As a spiritual seeker, I’m very aware of the “edge,” the place where we push ourselves past our comfort zone, to let go of old patterns and explore a bigger potential. In a culture that is focused on comfort, that’s often an important exercise. But how far should we push ourselves or encourage our students to push?

As a young yoga student, I more than once let an over-eager yoga teacher push me in a yoga pose past my limits – and I got injured. I so wanted to reach a new level that I discounted my safety in the pursuit of my goals. With time, I learned to take responsibility for my own safety, and now I teach my students to listen to their bodies and respect their limits. Ray’s followers – tragically, perhaps criminally – apparently were not encouraged to do the same.

In most serious spiritual traditions, every teacher has a relationship to a teacher and a community that provides a check on the teacher’s ambition and ego. The practice has developed over many years and can help the practitioner find an inner sense of a balance that allows for growth with integrity. It’s a process that requires time, patience and mindful attention.

Today, spiritual teachings are taken out of context and can become downright dangerous. We are looking for the quick fix, the fast rush – even in our search for enlightenment. Some will use old and powerful teachings in an attempt to get there.

In the Anusara yoga I teach and practice, the principle is to say “yes” to life, to our goals and aspirations and dreams. But coupled with that “yes” is an immediate “no,” expressed by creating boundaries, for the safety of our physical bodies and our psyches. We literally contract our muscles to protect and stabilize the joints and the core. Then out of that “no,” that stability, can come another “yes,” a physical (and perhaps spiritual) expansion, one that is more grounded, more realistic and has been tested by life’s challenges.

It is too late for the people who suffered and died in that sweat lodge. But it’s time for all of us to insist that anyone who presumes to take on the mantle of “spiritual teacher” must honor the importance of “no” – as much as the aspiration of “yes.”

Wednesday, September 30, 2009

Fall 2009 Newsletter

My Dear Sangha,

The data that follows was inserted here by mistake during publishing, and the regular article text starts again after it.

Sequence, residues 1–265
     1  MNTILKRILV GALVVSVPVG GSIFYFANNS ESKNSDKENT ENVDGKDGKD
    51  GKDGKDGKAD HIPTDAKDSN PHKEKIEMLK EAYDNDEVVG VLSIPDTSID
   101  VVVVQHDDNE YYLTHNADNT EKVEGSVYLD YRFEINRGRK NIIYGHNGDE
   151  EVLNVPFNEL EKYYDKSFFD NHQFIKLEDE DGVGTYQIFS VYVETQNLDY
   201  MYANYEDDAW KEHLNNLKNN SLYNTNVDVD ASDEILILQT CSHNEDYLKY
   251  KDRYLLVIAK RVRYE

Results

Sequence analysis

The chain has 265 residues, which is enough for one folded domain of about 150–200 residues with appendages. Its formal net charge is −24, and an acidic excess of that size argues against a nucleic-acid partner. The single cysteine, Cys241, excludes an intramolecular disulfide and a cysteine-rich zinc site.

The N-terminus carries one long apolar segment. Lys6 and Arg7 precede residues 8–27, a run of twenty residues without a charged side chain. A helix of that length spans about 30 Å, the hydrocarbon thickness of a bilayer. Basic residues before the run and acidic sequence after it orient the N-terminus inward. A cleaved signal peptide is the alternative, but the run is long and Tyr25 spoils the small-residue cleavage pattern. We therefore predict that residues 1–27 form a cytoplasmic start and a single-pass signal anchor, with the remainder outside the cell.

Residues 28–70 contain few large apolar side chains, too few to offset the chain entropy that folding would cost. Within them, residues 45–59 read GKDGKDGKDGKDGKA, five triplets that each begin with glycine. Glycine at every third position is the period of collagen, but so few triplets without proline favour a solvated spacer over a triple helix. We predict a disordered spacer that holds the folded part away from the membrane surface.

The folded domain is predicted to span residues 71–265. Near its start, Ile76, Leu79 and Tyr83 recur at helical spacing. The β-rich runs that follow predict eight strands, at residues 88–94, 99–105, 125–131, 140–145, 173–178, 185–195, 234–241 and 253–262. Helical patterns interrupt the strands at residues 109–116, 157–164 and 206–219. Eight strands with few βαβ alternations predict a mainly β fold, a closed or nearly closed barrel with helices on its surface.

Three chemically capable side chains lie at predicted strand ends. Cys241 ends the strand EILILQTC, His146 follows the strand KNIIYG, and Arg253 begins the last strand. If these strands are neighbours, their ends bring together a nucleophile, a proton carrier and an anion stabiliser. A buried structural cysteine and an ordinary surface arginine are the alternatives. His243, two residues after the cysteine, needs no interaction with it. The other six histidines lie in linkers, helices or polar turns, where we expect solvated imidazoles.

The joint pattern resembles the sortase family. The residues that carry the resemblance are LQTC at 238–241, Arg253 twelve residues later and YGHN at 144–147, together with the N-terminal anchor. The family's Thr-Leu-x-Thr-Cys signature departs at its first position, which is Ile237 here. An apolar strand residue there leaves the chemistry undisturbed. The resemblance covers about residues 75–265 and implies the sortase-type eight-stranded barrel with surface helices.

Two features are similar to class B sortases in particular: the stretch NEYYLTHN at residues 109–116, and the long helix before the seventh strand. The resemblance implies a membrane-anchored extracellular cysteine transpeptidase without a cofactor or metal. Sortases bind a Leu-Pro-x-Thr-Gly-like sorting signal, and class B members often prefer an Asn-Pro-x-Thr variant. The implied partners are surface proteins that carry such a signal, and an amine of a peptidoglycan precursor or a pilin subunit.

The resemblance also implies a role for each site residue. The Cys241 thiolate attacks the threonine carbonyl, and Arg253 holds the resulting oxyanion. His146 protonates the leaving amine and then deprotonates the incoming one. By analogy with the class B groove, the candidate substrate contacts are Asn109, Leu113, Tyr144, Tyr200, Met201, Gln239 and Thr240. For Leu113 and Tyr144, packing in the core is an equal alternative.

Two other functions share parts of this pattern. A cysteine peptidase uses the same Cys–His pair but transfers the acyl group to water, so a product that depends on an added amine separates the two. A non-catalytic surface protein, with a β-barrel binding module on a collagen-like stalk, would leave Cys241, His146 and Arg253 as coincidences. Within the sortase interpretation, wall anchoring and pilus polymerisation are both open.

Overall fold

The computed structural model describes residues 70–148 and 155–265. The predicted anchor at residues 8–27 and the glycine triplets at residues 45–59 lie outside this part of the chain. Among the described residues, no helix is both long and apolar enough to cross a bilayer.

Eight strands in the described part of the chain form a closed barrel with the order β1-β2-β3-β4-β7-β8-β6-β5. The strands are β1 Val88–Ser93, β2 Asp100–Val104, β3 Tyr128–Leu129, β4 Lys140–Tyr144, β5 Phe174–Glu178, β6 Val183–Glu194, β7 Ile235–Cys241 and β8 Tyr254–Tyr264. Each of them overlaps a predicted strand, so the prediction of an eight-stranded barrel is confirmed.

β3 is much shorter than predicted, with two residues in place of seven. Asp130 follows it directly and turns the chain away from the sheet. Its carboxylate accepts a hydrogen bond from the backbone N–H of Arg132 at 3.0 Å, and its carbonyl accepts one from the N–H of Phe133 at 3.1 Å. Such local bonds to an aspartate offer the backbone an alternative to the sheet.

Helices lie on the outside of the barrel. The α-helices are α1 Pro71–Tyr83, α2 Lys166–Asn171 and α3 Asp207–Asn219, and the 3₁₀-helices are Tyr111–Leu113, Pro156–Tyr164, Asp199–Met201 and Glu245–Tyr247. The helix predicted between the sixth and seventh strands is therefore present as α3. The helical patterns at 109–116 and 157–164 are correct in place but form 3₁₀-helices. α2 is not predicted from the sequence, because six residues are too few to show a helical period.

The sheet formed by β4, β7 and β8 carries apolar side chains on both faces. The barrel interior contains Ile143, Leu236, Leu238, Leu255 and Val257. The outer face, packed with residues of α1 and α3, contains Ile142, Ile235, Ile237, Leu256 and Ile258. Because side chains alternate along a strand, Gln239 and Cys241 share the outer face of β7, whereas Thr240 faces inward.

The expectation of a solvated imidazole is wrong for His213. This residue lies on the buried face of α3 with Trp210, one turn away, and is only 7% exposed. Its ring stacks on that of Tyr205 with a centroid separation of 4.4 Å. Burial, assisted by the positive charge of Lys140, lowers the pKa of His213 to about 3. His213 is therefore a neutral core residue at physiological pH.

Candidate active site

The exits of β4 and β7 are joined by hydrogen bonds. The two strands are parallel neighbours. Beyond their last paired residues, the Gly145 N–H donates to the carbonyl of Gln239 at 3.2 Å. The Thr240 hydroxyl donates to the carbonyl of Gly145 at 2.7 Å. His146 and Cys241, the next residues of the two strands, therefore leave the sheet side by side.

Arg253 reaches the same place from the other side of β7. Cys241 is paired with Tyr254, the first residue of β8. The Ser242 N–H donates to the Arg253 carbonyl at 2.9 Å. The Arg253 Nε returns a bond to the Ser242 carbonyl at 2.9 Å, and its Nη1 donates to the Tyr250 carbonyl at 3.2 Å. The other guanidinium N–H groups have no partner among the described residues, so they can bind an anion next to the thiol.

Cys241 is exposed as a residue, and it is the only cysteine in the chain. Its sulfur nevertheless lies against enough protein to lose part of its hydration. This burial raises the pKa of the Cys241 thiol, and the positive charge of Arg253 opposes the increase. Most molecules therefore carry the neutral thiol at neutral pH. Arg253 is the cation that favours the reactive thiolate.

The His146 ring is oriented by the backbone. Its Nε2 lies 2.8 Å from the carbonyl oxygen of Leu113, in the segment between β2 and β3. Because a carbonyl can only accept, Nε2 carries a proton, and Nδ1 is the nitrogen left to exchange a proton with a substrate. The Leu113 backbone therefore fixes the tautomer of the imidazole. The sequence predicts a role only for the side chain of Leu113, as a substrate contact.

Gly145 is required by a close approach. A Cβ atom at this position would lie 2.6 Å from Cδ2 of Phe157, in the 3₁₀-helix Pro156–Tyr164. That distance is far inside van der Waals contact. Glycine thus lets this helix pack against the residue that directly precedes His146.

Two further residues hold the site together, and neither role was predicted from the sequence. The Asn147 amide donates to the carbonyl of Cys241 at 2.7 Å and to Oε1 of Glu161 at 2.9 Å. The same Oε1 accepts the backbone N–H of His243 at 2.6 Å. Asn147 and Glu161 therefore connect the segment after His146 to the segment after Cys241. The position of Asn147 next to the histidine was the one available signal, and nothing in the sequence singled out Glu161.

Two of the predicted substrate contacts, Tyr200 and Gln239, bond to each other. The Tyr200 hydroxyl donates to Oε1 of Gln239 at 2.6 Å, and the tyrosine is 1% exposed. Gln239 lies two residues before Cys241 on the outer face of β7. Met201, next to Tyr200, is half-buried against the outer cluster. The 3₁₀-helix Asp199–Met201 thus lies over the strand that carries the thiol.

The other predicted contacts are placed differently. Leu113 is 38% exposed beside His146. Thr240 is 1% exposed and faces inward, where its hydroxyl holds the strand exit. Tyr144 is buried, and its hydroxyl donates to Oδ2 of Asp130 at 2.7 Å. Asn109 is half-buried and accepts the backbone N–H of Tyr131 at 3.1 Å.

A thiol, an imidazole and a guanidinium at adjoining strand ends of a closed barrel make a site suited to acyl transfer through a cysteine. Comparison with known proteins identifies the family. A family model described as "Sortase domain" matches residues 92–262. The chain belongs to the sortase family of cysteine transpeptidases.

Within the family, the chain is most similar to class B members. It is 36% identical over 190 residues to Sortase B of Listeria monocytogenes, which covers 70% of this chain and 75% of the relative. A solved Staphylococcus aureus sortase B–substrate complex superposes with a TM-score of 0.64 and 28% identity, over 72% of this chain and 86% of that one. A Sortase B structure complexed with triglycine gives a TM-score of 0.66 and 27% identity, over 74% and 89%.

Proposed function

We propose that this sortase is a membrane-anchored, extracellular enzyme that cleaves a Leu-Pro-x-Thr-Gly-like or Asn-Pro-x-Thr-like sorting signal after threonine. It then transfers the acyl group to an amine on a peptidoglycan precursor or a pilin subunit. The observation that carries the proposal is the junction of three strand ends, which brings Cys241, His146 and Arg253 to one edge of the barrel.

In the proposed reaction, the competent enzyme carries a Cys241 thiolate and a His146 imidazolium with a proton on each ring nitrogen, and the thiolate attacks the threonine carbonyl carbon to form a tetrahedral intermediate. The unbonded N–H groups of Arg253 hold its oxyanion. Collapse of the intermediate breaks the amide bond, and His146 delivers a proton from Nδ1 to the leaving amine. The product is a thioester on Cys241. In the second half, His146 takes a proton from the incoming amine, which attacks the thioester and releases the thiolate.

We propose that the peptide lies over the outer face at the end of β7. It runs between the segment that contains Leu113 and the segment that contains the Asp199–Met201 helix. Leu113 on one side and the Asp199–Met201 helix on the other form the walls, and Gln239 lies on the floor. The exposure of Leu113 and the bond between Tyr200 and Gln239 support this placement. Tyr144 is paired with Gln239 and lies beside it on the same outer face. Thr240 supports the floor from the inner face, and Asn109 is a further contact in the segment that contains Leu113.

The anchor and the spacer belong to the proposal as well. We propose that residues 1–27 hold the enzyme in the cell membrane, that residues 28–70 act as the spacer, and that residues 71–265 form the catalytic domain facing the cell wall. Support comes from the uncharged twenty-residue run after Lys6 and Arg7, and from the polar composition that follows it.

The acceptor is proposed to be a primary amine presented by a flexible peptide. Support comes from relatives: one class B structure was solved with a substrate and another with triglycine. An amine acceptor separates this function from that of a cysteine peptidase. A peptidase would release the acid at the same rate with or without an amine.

I have just returned home from an amazing journey abroad. Returning to my homeland to offer the gifts I have learned over the last 20 years here in America was especially precious to me.

And, after 20 years, I have just become an American citizen! I aced my test last Monday and I will be sworn in some time next month.

Some of the highlights of this trip were my visit to Grindelwald, a small city located high in the Swiss Alps where I met up with Jack Kornfield, my teacher. Having made some loose plans to go paragliding before the Vipassana retreat in Beatenberg started, everything came together and we spent a most marvelous day in each other’s company. It was a beautiful day filled with hiking, eating fondue (only Americans eat fondue in the summer time), and flying through the skies together. During our flying adventure, we caught some amazing thermals (in paragliding speak that means columns of rising air). Spending almost an hour in the high up mountains, at some point I looked over to Jack and saw that he had caught a thermal and, literally, had his head in the clouds! My teacher with his head in the clouds – I laughed out loud.

Visiting my homeland with a foreign friend, I see things with different eyes. The familiar becomes special and I am able to appreciate everything anew. From that day with Jack, the theme of my trip was appreciation. It turned out to be a very appropriate theme, indeed.

The nine days spent teaching with Jack in Beatenberg was both wonderful and intense. Adjusting my skills as a yoga teacher to suit the silent tone of a Vipassana retreat proved to be a great learning experience, throughout which I felt touched by Jack’s confidence in me. The yoga classes I offered were very simple and quiet. It was great to see the power of yoga once again.

The next event in my Europe schedule was teaching an Anusara Immersion in Zurich, and I attempted to do so, in German no less. On the third day I hit a wall and said to my students that I would never speak another word in German again! I think it was very daring to try to convey such a complex and sophisticated system in a language that I haven’t really spoken in 20 years! Nevertheless we managed, in part because my assistant, Michael Thurnherr, a wonderful and mature teacher, helped out a lot. The immersion was packed and successful in that everyone moved through a week of personal transformation.

Following all of this good work, I enjoyed the pleasure of a 10-day vacation with my beloved friends Julia Butterfly, Alissa Hauser and Milena Fraccari. We traveled across Italy in a tightly packed car, from event to event. We had all been on the road for some time. Four girls and one car made for too much luggage. Every time we had to leave for a new destination, Julia chased us all away so she could get into the “zone” to pack the car. It was amazing that she managed to fit everything, including stuff that was given to us along the way.

I had an especially powerful time at a conscious community named Damanhur in northern Italy. I have never seen anything quite like the temples they constructed, by hand, into the heart of a mountain! For many years they built them in secret and once the authorities found out, they went there to shut them down. Instead, the Damanhurians invited the officials to view the temples who were so overwhelmed by their beauty that they couldn’t destroy these works of greatness and, thus, promptly granted them a permit! It has been called the ‘Eight Wonder of the World’.The official greeting of the Damanhurians is “Con te,” which means, “with you”.

In Florence I co-taught an event with Julia, which was organized by Damanhur. I know I will return to this industrious and sweet community very soon! If you want to check it out, here is their website:

I wish you all a wonderful and blessed Fall.